Nabeel indicates, this contrasts sharply with the more typical approach in the
West, which I refer to as the Evidential Faith Path. This approach decides what
should be accepted as true based not on the word of authorities but rather on
logic and experience, including experiences recorded in trustworthy historical
records like the ones I cited in my interactions with the imam. Of course, both
sides can have their pitfalls. Westerners in the evidential mindset often need
to be reminded to be lovers of truth (2 Thess. 2:10) who are willing to
rigorously apply reason and the study of evidence, and then follow them
wherever they lead. Too often, people in Western culture fall into an approach
that limits possible causes to naturalistic ones, and they won’t even consider
supernatural causes. This prejudices the outcome and, in fact, makes scientific
and historical inquiry atheistic by definition. But if we can help people
reopen their minds to the full gamut of possible explanations, then I’m
confident that logic and evidence (along with the inner workings of the Holy
Spirit) will lead them back not only to a belief in God but also to the
Dayton Hartman is lead pastor at Redeemer Church in Rocky Mount, North Carolina. He has a PhD in church and dogma history from North-West University (South Africa), and serves as an adjunct professor at both Southeastern Baptist Theological Seminary and Columbia International University. He is the author of Church History for Modern Ministry: Why Our Past Matters for Everything We Do (Our review is here).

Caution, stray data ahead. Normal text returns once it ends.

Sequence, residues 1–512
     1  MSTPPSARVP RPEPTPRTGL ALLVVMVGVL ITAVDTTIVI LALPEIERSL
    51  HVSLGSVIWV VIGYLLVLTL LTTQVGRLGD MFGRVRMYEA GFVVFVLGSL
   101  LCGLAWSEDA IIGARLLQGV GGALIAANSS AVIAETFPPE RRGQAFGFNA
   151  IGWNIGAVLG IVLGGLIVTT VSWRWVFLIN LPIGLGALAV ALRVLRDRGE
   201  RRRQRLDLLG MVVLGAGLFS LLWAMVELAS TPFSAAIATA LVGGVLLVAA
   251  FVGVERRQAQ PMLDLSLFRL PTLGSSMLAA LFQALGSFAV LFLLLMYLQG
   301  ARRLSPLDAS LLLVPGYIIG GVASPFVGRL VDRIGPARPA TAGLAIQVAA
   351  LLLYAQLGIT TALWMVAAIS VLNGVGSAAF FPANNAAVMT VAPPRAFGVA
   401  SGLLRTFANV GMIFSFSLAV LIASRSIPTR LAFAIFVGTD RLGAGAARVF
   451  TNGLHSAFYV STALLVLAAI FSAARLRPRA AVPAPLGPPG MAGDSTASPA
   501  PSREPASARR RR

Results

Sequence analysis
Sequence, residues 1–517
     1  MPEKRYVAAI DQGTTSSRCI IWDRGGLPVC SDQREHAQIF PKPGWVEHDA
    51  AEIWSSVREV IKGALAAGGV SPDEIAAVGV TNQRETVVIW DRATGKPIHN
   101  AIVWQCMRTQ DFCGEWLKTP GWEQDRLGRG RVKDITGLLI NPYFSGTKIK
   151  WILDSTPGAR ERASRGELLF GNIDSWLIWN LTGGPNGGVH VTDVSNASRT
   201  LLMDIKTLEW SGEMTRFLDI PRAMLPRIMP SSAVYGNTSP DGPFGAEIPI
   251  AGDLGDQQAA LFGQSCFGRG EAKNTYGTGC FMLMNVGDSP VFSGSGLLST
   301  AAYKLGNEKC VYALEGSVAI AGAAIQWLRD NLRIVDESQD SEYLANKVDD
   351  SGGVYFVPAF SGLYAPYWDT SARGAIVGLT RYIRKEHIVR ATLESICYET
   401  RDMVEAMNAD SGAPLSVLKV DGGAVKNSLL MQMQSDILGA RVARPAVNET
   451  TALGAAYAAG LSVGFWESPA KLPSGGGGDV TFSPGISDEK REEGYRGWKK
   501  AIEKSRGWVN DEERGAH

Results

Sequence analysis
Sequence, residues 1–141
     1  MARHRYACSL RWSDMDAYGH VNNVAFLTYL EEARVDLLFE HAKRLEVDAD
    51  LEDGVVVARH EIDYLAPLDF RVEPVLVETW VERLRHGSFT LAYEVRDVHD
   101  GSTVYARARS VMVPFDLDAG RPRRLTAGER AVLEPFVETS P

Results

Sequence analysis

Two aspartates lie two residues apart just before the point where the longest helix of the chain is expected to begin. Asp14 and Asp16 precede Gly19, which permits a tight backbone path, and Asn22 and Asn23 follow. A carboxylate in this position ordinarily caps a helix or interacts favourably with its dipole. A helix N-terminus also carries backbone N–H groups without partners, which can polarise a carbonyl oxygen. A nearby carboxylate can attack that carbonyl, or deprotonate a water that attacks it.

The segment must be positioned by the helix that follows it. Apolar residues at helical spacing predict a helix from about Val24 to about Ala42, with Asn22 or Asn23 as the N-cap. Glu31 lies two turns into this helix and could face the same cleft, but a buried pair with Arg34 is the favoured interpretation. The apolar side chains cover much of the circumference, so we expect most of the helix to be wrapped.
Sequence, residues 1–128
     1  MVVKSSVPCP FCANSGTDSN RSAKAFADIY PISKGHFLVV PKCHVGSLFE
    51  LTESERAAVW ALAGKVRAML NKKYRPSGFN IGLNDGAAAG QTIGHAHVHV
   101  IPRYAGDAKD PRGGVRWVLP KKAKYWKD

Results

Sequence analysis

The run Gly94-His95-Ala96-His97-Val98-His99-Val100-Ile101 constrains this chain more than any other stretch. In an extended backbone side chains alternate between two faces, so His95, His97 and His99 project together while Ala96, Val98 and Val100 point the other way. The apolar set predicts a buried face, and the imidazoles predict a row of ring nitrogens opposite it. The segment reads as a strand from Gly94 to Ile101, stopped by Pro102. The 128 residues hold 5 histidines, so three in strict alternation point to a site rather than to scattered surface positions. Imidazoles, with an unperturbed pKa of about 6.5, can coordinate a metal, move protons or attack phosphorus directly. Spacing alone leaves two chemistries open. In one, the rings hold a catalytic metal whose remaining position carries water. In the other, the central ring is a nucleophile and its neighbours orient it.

You can learn more about Pastor Hartman and his ministry here.
About the Book
All of us are tempted to believe lies about ourselves.
For many pastors, the lies we’re tempted to believe have to do with our identity: that God has called us to lead a movement, that we must sacrifice our home life for our ministry life, or that our image as holy is more important than our actual pursuit of holiness.
In Lies Pastors Believe, pastor and professor Dayton Hartman takes aim at these and other lies he has faced in his own ministry and seen other pastors struggle with. With a winsome and engaging style, Hartman shows current and future pastors why these lies are so tempting, the damage they can do, and how they can be resisted by believing and applying the truth of the gospel.
"I can’t think of anything more pleasing to Christ than the church celebrating His birthday every year. Keep in mind that the whole principle of annual festival and celebration is deeply rooted in ancient Jewish tradition. In the Old Testament, for example, there were times when God emphatically commanded the people to remember certain events with annual celebrations. While the New Testament doesn’t require that we celebrate Christmas every year, I certainly see nothing wrong with the church’s entering into this joyous time of celebrating the Incarnation, which is the dividing point of all human history. Originally, it was intended to honor, not Mithras or any of the other mystery religion cults, but the birth of our King."1
Around this time of year, it is very common to hear the oft-repeated claim that Christmas is a pagan holiday and that Christians ought not celebrate it. Below, I have assembled resources that address some of the common concerns both Christian and non-Christians have around this time of year.
As for me, in regard to Christians and Christmas, I believe what the Apostle Paul wrote in Romans 14:5- "One person esteems one day as better than another, while another esteems all days alike. Each one should be fully convinced in his own mind" (ESV).
In the subject post, Amy Hall of Stand to Reason writes that "the biggest divide between Christians and non-Christians is not whether or not they think Christianity is true but whether or not they think Christianity is beautiful—and specifically, whether or not they think Jesus is beautiful." She also quotes John Piper and writes how this impacts apologetics. You can read the full post here. Stand firm in Christ, Chase